Understanding tax loss harvesting: tips and tricks

We are reaching the end of 2017 and for retail investors that also marks the end of another tax year. As we look forward to 2018, we prepare for tax time and dread it as we may, understanding the options is the best way to ensure investors are minimizing their taxes owing.

Tax loss harvesting

One tactic investors hear about during this time of year is tax loss harvesting. Tax loss harvesting is a method by which an investor purposely incurs capital losses to offset the taxes they would otherwise pay on capital gains. Essentially, the investor makes the best of a bad situation.

The process involves:

  1. Selling shares on which a loss has been incurred.
  2. Potentially reinvesting, if there is faith in that sector (or in a similar sector, but not too related as to not drastically alter their market exposure).  
  3. Claim capital losses incurred to offset capital gains on the tax return.

There are some important considerations to keep in mind prior to implementing this strategy:

Purchase a similar security: If an investor feels that the investment in which there has been a loss still has potential for growth in the future, it would be wise to reinvest in a similar security whose performance is close to the stock being sold.

Utilize tax loss harvesting as a secondary option: A primary investment plan should always take precedence.

Use capital losses for past and future returns: Losses must first be applied to 2017 taxes, but if the amount allows for it, they can also be applied to the previous three returns, or carried forward indefinitely.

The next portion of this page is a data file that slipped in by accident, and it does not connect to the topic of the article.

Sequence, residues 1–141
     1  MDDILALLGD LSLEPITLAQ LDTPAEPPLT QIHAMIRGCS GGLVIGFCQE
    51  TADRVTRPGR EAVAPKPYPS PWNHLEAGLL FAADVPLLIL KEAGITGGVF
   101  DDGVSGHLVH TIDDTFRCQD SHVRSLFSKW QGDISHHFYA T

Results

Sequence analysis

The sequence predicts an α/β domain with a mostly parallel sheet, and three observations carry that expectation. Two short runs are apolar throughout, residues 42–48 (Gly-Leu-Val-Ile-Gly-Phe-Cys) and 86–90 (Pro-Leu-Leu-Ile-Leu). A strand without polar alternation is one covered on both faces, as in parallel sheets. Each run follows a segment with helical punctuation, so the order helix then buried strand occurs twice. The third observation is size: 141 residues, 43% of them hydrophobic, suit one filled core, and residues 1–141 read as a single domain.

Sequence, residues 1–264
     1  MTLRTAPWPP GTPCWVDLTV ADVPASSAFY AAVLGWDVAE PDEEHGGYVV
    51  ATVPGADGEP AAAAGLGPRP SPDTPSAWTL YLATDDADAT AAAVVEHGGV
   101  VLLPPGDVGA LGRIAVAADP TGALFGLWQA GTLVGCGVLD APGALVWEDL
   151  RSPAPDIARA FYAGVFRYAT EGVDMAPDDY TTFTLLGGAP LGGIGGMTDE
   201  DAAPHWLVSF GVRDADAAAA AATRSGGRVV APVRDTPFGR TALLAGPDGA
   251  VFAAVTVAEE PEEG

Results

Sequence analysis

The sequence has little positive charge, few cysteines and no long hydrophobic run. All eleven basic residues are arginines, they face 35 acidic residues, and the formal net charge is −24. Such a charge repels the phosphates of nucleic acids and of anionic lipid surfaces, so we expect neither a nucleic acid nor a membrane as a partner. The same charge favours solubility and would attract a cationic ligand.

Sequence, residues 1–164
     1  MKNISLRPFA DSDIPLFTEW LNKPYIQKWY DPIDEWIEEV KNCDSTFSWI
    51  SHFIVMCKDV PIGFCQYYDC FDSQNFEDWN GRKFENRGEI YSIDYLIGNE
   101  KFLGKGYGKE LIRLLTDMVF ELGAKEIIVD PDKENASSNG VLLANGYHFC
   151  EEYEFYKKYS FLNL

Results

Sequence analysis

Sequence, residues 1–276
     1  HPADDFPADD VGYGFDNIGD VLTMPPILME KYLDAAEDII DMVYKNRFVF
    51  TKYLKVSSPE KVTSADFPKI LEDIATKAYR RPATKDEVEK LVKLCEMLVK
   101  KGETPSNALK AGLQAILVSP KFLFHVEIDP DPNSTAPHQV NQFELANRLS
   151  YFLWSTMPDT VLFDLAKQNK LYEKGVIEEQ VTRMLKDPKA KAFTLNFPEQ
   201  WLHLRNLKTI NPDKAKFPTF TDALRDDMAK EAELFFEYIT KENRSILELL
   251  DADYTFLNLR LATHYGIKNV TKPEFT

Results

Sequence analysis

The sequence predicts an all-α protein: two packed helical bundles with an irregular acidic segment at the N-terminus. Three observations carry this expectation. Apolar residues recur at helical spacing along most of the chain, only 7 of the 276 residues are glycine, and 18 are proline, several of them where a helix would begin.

Do not use this method for registered accounts: Successful tax loss harvesting can only be performed in non-registered accounts and may not be used for investments within a TFSA or RRSP.

Ensure this is not a superficial loss: CRA rules prohibit the rebuying of the same shares that were sold off to incur a capital loss right away. An investor must wait 30 days after selling a stock before repurchasing. This includes purchases made by a spouse and purchases made from different accounts owned by the investor.

Start early: Official transfer of shares occurs approximately three days after the trade is executed. Also, don’t forget that there are several statutory holidays near the end of December that impact trading dates. If using this tactic, it is best to do so before December 20.

Triggering losses to decrease capital gains taxes could be the right approach for you this tax season. Determining if this method fits your needs is one way we can help.

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